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In Your Queue: Juno Temple Edition

April 5, 2013
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It happened just sort of by accident, but there has been a single prominent theme recurring in a lot of the films I’ve been watching over the last few weeks: the wild flaxen mop of doll hair and bright, mischievous punim of Juno Temple. I didn’t set out to watch any Juno Temple films — until now she was just Julian Temple’s daughter who wants to be an actress — but there she was, film after film, with her wild hair and faint voice. The films are of varying quality, which is obviously frustrating. I’m honestly not even sure if I like her as an actress yet, but it’s hard to take your eyes off of this strange English pixie, who is just as likely to be playing American white trash as anything else.

Killer Joe – William Friedkin (2012)

It’s been a long time since Billy Friedkin had anything resembling a hit film (Blue Chips by my count), but he actually dips in and out of his 70s heyday excellence with this story of a broken trailer trash family who are out to hire a someone to kill the estranged matriarch and collect on an insurance policy. Rote stuff, but the way its played by everyone involved elevates its to the heavens. In one of a string of maniacally great characters he’s played of late, Matthew McConaughey plays the titular Killer Joe, the Texas Ranger/hitman that Chris (Emile Hirsh) hires. He’s an exacting guy, one who is as tough (and Texan) as they come, but who can barely keep the thing together in the face of  this family of hicks who are in way over their heads. The in-fighting and pettiness of Chris and his parents (Thomas Hayden Church and Gina Gershon) borders on genius, but makes Killer Joe reconsider the offer until he falls in love with Chris’s little sister, Dottie (Juno Temple), the angelic waif who may not be as simple as she seems. I can’t figure out why this film never caught on when it was released last year. It’s an injustice. The film is absurdly hilarious, the darkest of dark comedy, and, if nothing else, you’ll never think of fried chicken the same way again. (Available on Amazon and YouTube)

Jack and Diane – Bradley Rust Gray (2012)

Jack and Diane is another film I’m surprised didn’t catch on, but somewhat less surprised than Killer Joe. It’s a fairly straight-forward story of the awkwardness and, sometimes, stupidity of an all consuming young love. Riley Keough is unrecognizable as Jack, a tough New York girl who is lost in an emotional fog since her older brother died. The randomness of life puts Diane (Juno Temple) before her path and the two bond tightly, in a way neither of them were entirely prepared for. Like most people who put on a tough exterior, Jack is a naive puddle of  goo under that hard shell. Diane is the first person she’s let wade into that goo, but secret gooeyness, especially of the love-sick teenage variety, is a shockingly complicated thing — surely you all remember your own gooeyness, and how embarrassing it was. But it might be Diane with the bigger demon inside of her — a burgeoning secret warewolf threatening to burst free (done in gorgeous but not entirely enmeshed stop motion sequences put together by the Brothers Quay) and hurt everything Diane cares about. In that act, it’s a surprisingly intimate film that plays the emotion with the right balance, never turning it into something to squirm away from, with a real throwback 90s New York indie film feel to it. (Available on Netflix)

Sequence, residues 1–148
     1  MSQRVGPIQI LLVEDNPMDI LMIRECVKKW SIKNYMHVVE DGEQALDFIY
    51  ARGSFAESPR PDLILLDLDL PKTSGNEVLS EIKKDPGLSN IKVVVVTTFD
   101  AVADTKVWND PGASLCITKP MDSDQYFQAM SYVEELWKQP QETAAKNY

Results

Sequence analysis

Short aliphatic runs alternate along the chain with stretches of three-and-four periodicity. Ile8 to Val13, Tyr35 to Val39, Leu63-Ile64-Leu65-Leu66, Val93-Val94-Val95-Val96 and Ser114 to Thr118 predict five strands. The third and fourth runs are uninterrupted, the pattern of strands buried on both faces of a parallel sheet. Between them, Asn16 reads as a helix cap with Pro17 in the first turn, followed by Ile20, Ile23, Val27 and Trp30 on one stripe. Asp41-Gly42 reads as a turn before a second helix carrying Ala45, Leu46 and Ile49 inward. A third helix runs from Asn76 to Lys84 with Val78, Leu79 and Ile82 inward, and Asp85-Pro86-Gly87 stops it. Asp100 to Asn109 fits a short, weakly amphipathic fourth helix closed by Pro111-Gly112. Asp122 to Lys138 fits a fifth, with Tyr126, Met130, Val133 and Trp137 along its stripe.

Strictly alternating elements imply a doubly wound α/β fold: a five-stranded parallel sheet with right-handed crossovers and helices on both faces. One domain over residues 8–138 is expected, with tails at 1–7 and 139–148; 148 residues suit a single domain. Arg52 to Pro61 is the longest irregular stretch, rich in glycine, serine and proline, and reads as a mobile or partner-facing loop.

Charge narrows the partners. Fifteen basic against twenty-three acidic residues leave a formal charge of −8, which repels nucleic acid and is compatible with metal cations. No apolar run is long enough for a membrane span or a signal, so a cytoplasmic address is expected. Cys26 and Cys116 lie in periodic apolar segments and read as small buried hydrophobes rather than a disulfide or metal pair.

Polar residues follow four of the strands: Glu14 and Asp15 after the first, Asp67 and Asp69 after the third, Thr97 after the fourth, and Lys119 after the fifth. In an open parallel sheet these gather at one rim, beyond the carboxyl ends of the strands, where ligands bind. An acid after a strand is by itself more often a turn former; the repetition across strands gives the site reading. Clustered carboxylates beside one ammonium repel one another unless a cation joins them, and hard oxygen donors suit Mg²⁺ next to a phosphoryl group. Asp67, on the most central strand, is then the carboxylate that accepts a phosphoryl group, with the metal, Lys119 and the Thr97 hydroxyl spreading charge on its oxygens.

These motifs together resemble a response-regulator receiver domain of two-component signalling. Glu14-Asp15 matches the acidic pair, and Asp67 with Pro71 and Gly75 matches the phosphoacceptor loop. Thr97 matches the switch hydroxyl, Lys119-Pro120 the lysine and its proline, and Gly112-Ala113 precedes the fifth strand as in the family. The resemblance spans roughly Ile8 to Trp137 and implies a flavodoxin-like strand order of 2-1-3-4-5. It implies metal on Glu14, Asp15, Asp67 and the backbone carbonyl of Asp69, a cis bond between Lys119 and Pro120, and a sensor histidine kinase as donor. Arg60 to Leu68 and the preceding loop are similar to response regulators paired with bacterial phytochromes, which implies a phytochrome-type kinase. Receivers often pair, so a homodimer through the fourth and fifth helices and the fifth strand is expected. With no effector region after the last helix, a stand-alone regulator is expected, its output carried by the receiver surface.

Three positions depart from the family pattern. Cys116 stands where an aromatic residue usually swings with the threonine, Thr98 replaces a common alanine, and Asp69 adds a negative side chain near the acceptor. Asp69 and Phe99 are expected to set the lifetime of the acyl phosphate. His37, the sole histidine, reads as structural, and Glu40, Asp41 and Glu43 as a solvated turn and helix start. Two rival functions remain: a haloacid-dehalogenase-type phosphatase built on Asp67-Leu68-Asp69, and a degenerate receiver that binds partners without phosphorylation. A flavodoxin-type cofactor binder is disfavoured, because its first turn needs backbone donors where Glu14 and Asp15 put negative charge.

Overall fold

Little Birds – Eldgin James (2012)

In Little Birds, Juno Temple and Kay Panabaker star as Lily and Alison, mismatched best friends stuck in a boring, economically dead small town along the Salton Sea. As a coming-of-age drama, Little Birds is something of a wasted attempt. I say that with frustration, not because the film is a bad one, but because it’s a good one, but should have been a much better one. Writer-director Eldgin James doesn’t know what he has here with his story or his characters and blows it by setting off on the most predictable adventure, taking the girls out of their element and landing them in LA with a bunch of skateboarding streetkids who turn out to be — surprise — bad news. Lily loves the feeling of being bad — really bad — for the first time, but Alison is stuck in the adventure as the stick in the mud naysayer. Of course ends up being right about everything, she just isn’t any fun. It’s small town friendship syndrome — as Lily says, who else was she supposed to hang out with? But in LA, the pond is much bigger, and the girls much further apart, both emotionally and physically — Lily and Alison spend much of the time apart during their adventure, leaving the growing tear largely unmined. It becomes a plot-driven mess once they arrive in LA instead of the character drama it starts off as in the Salton Sea, and leaves Leslie Mann, Kate Bosworth and Neal McDonagh — and Reed Morano’s camerawork — behind as little more than high-priced extras. (Available on Netflix)

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